Occupational Therapy Program Student Theses, Dissertations and Capstones

Document Type

Dissertation - NSU Access Only

Degree Name

Doctor of Philosophy (PhD) in Occupational Therapy

Copyright Statement

All rights reserved. This publication is intended for use solely by faculty, students, and staff of Nova Southeastern University. No part of this publication may be reproduced, distributed, or transmitted in any form or by any means, now known or later developed, including but not limited to photocopying, recording, or other electronic or mechanical methods, without the prior written permission of the author or the publisher.


College of Health Care Sciences – Occupational Therapy Department

First Advisor

Barbara Kornblau

Publication Date / Copyright Date



Nova Southeastern University


"Submitted in partial fulfillment of the requirements for the degree of Doctor of Philosophy in Occupational Therapy, Occupational Therapy Department, College of Allied Health and Nursing, Nova Southeastern University."

Obesity is a global public health issue, yet interventions to create change have been largely ineffective. Few researchers have considered obesity from the perspective of the person experiencing it, and even fewer have explored the effects obesity has on the Mexican-American population. This dissertation explored the lived experiences of Mexican-American women with obesity living along the El Paso/Mexico border. The study used occupational therapy's Lifestyle Performance Model as the orienting framework. Theoretical concepts from psychology and sociology also clarified contexts of social construction and outcomes of negative stereotyping. Using a phenomenological, qualitative design, this study answered the following research question: What are the lived experiences of Mexican-American women with obesity living along the El Paso/Mexico border? Eight women participated in the study, ranging in age from 25-45 years. The women were recruited though posted flyers and snowball sampling methods. Individual, in-depth interviewing resulted in emergent themes and subthemes that articulated the core essence of their lived experiences. The dominant themes of the study portrayed obesity as a: (a) pervasive entity, (b) disruption to a harmonious self, (c) social negotiation, (d) disconnection from self and others, and (e) product of cultural patterning. Through the voices of the participants, results showed that obesity affects physical and emotional health, which alters lifestyle performance and overall quality of life. Cultural and environmental factors also significantly influence active engagement in meaningful occupation. The data suggest a need for clinician training, student education, and advocacy skills for individuals who live with obesity. Further topics for future research and detailed recommendations regarding treatment interventions are also discussed.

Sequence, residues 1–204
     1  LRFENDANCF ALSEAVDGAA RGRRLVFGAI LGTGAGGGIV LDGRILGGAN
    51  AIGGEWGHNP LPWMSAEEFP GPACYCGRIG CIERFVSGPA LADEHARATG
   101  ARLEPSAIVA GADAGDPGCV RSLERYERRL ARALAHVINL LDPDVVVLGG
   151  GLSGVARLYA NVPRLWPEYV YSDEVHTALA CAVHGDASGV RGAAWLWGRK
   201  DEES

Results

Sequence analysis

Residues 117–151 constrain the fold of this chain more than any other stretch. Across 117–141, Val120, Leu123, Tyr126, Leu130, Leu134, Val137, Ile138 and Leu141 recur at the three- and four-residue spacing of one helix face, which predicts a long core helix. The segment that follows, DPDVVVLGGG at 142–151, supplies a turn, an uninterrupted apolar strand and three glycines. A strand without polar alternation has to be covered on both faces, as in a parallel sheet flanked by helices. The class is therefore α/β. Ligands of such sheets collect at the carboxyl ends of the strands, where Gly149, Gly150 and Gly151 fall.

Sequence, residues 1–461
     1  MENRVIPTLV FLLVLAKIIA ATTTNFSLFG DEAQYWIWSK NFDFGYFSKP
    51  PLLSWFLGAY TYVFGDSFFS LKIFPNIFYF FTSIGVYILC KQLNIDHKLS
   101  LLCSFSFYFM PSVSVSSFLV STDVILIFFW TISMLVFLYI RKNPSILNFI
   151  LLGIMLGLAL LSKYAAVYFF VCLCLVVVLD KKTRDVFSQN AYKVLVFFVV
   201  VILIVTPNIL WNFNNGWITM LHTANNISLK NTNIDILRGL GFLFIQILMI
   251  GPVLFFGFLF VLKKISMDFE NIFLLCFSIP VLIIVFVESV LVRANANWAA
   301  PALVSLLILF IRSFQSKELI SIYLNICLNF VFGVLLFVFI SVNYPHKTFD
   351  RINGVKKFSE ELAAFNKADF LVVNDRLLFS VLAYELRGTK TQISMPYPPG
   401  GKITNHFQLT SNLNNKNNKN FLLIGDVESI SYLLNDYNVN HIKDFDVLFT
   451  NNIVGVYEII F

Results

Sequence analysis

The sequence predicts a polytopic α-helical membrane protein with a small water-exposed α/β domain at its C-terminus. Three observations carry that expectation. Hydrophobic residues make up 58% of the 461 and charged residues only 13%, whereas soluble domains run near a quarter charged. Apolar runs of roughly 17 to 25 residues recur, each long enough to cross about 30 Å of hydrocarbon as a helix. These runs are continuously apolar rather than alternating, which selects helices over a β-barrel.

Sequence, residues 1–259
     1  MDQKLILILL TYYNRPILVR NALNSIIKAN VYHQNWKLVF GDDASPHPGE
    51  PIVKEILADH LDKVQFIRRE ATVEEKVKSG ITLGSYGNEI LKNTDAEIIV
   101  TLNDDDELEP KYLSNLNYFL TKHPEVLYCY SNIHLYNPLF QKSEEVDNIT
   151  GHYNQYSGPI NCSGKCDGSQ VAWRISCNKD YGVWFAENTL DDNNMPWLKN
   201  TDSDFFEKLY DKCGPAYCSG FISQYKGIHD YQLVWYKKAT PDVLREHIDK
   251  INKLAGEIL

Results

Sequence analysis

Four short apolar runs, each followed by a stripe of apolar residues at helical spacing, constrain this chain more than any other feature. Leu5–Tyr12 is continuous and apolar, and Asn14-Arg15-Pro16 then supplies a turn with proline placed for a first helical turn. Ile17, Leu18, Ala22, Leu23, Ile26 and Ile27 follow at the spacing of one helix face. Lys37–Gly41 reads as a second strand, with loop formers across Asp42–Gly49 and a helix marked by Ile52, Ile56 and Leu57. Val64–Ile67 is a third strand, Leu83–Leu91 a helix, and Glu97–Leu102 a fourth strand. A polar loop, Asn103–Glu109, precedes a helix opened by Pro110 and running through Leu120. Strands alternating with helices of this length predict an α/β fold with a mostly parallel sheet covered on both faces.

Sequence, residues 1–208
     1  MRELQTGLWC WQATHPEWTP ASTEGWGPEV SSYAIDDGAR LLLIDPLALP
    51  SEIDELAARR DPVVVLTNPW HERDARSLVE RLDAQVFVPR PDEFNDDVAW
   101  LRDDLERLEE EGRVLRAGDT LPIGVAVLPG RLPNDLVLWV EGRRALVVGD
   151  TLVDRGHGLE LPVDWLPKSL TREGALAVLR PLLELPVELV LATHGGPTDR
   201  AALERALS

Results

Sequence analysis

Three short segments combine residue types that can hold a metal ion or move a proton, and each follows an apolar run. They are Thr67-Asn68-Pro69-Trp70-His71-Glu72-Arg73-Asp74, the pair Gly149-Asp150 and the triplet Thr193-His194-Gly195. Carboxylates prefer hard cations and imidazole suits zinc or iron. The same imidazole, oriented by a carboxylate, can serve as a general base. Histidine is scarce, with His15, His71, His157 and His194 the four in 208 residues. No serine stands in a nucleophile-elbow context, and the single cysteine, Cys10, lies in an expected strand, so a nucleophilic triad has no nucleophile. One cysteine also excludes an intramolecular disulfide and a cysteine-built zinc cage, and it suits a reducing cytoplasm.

Occupational Therapy


Social sciences, Health and environmental sciences, Lifestyle performance, Obesity, Occupational therapy, Phenomenology, Qualitative research study

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